Thursday, January 14, 2010

"May his embrace carry me through this story"

I've already suggested that this might be a big Handke year for me; so far it's proving true. Right now I'm in the middle of my third attempt at Repetition, originally published in 1986, in English in 1988. (Ads without products has been reading, and it seems lately channeling, Handke's aphoristic The Weight of the World; one to add to the list.)

I've written how, at times, I've been unable to read Handke well; something resisted my attempts, though the prose style itself isn't obviously difficult. I suspect it has something to do with the way the narrative shifts from moment to moment, scene to scene. It also has to be admitted that I've had the unfortunate tendency to begin reading a Handke book at the exact moment I'm about to go through a period of extreme sleeplessness. While any reading is affected by being overly tired, I think the deceptive simplicity of Handke's prose is especially hard to follow, at least for this reader, when in such a state.

There is often a distance in the writing. And I felt strongly while reading Slow Homecoming that I was experiencing thought, as it was happening, on the page. An admittedly vague way of putting it, but it's how the experience was for me. Towards the beginning of this pass at Repetition, which is going much better, thank you, there is a sentence that made me think of another, also hard to describe, aspect to Handke's writing. Here is the full paragraph:
Fully present to my mind, however—and still fully present today, twenty-five years later—was the morning of the same day, when I took leave of my father on the wooded hill from which the village of Rinkenberg took its name. With sagging knees, dangling arms, and gout-gnarled fingers, which at that moment impersonated furious clenched fists, the frail, aging man, much smaller than I, stood by the wayside Cross and shouted at me: "All right, go to the dogs like your brother, like our whole family! None of us has ever amounted to anything, and you won't either. You won't even get to be a good gambler like me." Yet, just then, he had embraced me for the first time in my life, and I had looked over his shoulder at the dewy wetness on the bottom of his trousers, with the feeling that in me he was actually embracing himself. But then in memory my father's embrace held me, not only that evening outside the Jesenice station, but down through the years, and I heard his curse as a blessing. In reality he had been deadly serious, but in my thoughts I saw him grinning. May his embrace carry me through this story.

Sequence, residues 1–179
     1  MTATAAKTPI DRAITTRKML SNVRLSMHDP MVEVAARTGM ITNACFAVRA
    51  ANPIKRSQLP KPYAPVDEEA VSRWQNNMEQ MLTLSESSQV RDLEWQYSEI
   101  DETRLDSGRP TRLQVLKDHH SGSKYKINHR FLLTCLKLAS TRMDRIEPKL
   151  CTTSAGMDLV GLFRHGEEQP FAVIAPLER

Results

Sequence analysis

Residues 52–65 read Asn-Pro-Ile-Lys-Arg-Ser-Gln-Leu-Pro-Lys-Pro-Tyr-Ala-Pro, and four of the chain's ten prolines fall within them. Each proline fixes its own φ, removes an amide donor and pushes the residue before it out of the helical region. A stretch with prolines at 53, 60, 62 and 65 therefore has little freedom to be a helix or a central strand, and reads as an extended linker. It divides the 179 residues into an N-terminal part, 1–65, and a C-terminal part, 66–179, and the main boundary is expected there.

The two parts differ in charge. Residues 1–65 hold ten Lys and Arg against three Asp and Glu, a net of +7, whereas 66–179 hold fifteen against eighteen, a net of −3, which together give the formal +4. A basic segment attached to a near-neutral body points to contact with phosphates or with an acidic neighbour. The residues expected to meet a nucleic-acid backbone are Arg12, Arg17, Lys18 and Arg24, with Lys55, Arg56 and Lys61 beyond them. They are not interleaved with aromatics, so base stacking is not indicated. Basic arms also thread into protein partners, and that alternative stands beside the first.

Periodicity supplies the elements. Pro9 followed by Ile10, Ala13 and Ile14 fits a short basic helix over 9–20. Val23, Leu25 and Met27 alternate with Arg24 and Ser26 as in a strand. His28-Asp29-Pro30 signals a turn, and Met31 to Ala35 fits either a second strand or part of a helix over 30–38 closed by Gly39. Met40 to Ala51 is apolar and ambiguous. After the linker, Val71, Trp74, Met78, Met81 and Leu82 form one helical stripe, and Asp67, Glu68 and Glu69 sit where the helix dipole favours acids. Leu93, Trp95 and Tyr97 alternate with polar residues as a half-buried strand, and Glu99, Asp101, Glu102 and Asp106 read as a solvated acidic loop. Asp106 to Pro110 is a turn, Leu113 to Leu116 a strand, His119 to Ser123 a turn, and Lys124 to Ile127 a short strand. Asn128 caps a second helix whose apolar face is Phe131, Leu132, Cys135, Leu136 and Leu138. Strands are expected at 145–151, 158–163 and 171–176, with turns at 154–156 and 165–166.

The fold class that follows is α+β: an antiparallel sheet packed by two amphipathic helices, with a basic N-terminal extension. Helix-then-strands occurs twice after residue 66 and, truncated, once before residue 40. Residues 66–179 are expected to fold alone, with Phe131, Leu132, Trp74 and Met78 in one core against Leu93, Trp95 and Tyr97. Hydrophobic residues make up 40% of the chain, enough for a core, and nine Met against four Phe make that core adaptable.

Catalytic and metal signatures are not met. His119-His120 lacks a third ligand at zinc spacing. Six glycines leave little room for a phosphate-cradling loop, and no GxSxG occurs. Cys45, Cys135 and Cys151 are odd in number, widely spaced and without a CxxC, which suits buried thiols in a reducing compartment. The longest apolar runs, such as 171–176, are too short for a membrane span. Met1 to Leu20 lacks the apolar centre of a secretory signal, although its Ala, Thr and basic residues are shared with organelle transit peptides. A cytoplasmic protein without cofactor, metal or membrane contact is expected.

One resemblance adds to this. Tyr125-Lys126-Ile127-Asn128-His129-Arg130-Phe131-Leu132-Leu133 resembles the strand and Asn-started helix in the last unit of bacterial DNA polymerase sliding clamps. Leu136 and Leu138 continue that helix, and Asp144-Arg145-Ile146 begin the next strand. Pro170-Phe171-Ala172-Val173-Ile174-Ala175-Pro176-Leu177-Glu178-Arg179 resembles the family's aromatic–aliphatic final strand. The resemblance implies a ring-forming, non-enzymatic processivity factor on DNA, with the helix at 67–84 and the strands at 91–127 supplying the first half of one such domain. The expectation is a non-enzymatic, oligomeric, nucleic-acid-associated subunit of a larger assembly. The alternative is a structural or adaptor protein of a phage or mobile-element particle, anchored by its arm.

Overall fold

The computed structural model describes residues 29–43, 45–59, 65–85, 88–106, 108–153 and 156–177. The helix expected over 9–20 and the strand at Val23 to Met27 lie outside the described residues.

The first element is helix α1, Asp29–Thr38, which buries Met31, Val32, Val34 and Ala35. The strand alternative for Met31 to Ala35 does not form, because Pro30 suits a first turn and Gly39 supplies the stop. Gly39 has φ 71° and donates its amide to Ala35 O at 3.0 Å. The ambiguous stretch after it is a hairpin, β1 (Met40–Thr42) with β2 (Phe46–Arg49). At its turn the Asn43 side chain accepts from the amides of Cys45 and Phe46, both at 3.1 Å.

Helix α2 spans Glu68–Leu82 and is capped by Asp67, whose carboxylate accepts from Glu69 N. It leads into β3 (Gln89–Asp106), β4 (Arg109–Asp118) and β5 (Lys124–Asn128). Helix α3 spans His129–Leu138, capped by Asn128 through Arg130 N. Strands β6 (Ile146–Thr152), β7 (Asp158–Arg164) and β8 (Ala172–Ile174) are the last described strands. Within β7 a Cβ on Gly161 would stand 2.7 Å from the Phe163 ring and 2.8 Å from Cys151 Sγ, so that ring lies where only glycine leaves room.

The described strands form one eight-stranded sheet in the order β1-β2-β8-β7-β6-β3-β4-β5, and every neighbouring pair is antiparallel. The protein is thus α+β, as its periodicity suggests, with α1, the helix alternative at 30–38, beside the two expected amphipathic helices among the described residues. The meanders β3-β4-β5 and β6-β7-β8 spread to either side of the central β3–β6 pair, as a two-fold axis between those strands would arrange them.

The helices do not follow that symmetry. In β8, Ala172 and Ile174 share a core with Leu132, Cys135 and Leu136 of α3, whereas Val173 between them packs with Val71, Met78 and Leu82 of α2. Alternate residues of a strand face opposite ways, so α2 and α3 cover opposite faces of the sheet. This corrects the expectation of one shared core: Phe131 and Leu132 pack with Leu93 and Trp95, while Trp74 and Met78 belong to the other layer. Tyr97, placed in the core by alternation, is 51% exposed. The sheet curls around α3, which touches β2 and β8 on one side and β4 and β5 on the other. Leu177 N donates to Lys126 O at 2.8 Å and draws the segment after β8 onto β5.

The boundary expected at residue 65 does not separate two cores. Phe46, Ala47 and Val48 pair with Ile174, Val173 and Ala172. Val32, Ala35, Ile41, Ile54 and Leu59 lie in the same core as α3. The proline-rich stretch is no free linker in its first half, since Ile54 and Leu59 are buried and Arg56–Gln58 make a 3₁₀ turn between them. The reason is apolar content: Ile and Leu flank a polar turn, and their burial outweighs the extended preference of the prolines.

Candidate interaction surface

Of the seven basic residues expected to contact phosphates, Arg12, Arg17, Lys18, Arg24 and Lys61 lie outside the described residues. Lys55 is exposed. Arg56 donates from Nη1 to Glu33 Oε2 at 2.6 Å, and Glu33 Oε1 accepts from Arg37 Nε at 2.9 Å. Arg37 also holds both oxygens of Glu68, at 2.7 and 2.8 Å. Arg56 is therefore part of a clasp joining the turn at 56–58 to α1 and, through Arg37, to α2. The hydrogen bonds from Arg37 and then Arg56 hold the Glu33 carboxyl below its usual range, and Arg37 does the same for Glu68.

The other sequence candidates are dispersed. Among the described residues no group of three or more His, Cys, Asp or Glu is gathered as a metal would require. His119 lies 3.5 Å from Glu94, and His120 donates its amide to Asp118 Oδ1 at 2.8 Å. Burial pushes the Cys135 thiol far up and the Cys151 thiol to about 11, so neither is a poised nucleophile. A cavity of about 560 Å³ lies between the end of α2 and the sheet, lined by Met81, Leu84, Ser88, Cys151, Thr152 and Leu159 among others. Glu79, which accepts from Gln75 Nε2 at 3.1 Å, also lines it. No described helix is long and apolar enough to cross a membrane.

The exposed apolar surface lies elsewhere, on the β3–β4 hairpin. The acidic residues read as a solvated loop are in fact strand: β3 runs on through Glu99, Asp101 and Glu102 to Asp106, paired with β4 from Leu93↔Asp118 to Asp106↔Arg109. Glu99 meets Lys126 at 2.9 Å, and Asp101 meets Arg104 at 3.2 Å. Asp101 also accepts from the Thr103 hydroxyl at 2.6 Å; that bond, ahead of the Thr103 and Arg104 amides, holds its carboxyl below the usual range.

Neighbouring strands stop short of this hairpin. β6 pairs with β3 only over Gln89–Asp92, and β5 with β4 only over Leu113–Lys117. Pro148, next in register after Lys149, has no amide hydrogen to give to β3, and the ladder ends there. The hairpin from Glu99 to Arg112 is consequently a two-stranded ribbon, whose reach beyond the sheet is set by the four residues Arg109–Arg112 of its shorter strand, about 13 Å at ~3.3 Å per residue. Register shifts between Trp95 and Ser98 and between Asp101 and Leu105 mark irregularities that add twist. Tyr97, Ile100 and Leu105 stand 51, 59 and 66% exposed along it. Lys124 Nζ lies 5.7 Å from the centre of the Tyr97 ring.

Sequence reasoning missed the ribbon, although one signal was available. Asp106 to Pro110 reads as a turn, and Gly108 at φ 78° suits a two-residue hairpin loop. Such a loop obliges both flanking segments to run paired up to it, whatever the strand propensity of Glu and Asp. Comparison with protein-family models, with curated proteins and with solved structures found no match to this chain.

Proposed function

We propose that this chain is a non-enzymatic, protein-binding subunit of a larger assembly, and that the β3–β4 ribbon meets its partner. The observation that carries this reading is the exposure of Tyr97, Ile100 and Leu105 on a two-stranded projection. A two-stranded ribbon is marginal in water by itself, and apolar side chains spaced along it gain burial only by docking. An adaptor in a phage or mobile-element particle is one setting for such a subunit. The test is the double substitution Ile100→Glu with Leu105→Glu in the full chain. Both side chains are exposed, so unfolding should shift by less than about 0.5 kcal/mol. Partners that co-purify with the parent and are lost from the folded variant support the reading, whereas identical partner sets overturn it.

There is often harshness and certainly sudden violence depicted in Handke's books, but there is a warmth there, and a gentleness. May his embrace carry me through this story. This is a sentence one would find nowhere else, I think. And yet Handke is full of such expressions. In Short Letter, Long Farewell, at one point the narrator is simply pleased to have successfully communicated with an elevator operator, with anyone really—to be blessed with the grace of a successful transaction can carry one through a day. There is, in this writing, a generosity of spirit, even as the writer searches for the right words, struggles with the appropriate way to embody the role of storyteller. It is at times an uneasy warmth—witness my past problems—but it is there, quiet and insistent.

[Previously, on books by Peter Handke: a post on Slow Homecoming, two on Across (1, 2), one on The Goalie's Anxiety at the Penalty Kick...]


Andrew said...

I was coincidentally just reading Afternoon of a Writer today. I hope to have some reflections up soon, although I imagine I will only be able to recapitulate what you say here--my reading experience seems to resemble yours very closely, and you express it very well.


What is interesting about the quote you have from REPETITION is that it's a near word for word rewrite of a passage from the Adalbert Stifer story that Handke has a long quote from in the play THEY ARE DYING OUT. There factotum Hans reads it to his boss, the monopolist Hermann Quitt. It's a wonderful moment in the play and an announcement of the route into a classical direction that Handke will take. Aside being a re-creation repetition of the walking trip Handke took after graduating from High School [Gymnasium which may at least make you into a mental gymnast] is that its rhythm, at least in German, induce the kind of slow walking [Handke had become the "king of slowness"] or the syntax, at least it did in my case when I read it in the original in the late 80s in the St. Monica Mts. near LA, adjacent to the preserve where I was living, with time and patience on my hands and feet to walk the dusty paths in the Chapparel.
AFTERNOON OF A WRITER is not such a happy book! Salzburg had definitely gotten to Handke and he was about to flee to Paris.
michael roloff

Jordan said...

There's a quotation somewhere from Handke - I read it either here or This Space, I don't remember - where he talks about how the tranquility of his writing is deceptive, how he agonized over the process of it at every step. I always keep that in mind when reading his stuff - the concept that the appearance of extreme calm and exactitude comes at the price of the kind of difficult he describes.